Sunday, November 28, 2010
Friday, November 26, 2010
Monday, November 22, 2010
Jon Kitna's delusional expectations for his Detroit Lions in the spring of 2007, once it hit the airwaves and the Internets, spread like wildfire. Or cancer---depending on how you look at it.
The Lions of 2006, Kitna's first season as Lions quarterback, rode in at 3-13. Their third win came on the season's final week---in Dallas.
So here was Kitna, talking of his expectations for his team in 2007.
"I think we can win 10 games," Kitna said.
The daffy prediction drew ire, praise, and derision---depending on to whom you served it up.
The words made it into the ears and through the eyes of the entire fanbase within minutes, it seemed.
But Jon Kitna first spoke them to me. True story.
He was on the phone, chatting with me as I gathered info for the "A Few Minutes With" section of the Detroit sports magazine I was editing. Kitna was the subject. After several questions of eclectic variety, I put one more to him.
"What would you say," I said through the phone, "to the long-suffering Lions fans reading this?"
He thought about it briefly; there were several seconds of dead air.
Then he spoke with excitement, as if he had just remembered the answer to a trivia question.
"I would tell them that we're gonna win 10 games next season," Kitna said.
I reminded him that his words would not be printed in invisible ink.
"That doesn't bother me at all," Kitna said.
Well, a few days later, speaking to one of the radio stations in town, Kitna repeated his assertion about the 10 wins for the Lions in 2007.
That's when all of Detroit became awash with their quarterback's delusional giddiness.
Kitna's words, so infamously uttered, became so only after he spoke them into a phone through the radio. His conversation with me had been much more private.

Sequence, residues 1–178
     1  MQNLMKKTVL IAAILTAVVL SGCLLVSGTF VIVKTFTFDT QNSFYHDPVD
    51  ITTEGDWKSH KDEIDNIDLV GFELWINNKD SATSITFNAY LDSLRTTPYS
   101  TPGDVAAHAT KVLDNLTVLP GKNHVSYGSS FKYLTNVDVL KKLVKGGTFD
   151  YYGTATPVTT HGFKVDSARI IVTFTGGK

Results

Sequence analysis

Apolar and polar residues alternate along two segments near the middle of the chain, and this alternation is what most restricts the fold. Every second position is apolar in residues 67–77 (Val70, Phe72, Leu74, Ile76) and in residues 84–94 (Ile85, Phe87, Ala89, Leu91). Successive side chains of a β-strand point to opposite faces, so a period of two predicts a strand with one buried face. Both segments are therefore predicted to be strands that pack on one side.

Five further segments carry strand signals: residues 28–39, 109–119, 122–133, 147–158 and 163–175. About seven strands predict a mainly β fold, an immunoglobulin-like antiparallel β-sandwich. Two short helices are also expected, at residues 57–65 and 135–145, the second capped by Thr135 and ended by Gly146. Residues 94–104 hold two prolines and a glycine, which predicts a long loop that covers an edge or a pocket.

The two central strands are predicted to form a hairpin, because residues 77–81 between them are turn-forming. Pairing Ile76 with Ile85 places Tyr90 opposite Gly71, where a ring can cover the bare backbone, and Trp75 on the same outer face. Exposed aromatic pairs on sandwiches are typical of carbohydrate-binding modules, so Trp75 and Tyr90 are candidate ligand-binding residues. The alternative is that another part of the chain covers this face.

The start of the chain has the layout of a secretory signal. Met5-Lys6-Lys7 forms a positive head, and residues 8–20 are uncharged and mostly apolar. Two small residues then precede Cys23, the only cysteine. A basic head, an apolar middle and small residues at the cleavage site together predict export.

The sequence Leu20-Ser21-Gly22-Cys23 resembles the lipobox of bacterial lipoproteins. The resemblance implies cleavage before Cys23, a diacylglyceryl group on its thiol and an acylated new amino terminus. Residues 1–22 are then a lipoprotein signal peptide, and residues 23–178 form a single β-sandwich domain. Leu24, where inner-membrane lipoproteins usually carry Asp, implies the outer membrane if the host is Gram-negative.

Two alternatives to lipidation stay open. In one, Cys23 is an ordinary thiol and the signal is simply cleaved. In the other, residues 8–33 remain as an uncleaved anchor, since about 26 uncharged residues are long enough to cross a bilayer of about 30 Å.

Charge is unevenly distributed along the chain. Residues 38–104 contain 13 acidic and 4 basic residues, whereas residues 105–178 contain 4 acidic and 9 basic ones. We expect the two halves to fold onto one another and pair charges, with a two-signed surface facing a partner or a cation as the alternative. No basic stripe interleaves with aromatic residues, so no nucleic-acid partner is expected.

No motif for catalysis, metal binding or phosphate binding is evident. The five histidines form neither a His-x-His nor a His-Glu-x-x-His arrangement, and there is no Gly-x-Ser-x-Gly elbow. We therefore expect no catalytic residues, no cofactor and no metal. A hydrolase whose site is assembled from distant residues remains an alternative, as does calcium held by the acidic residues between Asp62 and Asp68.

Same declaration, totally different result.
Over three-and-a-half football seasons have gone by, and the Lions have only recently surpassed Kitna's 10 win total, predicted in the spring of 2007. The win total that Kitna thought the Lions could reach in a single season---not three-and-some-change seasons later.
Since the beginning of the 2007 campaign, the Lions are 11-47; they're 5-45 in their last 50 games. It's unbelievable in its ineptitude, that in today's NFL, a team could average just one win for every 10 games for over three seasons.
Kitna still wears blue and silver, but it's a different shade of blue, and there's a Texas Lone Star on his helmet---not the futile rampant Lion.
Kitna on Sunday was the latest quarterback to make mincemeat of the Lions, a team he so once gallantly led.
It took the Dallas Cowboys more than a half, and a flukey punt return to kick start them, but they had more than enough in the end to subdue the men in Honolulu Blue and Silver, 35-19.
The Lions, once again, used a suicide cocktail of penalties, a poor rushing attack and a second half swoon to blow a football game that they, if ever so briefly, held in control.
After a safety early in the third quarter put the Lions ahead, 12-7, the Cowboys' sparkling new stadium was cast with a pall. Kitna and his offense were mostly a rumor, aside from the opening, 98-yard TD drive.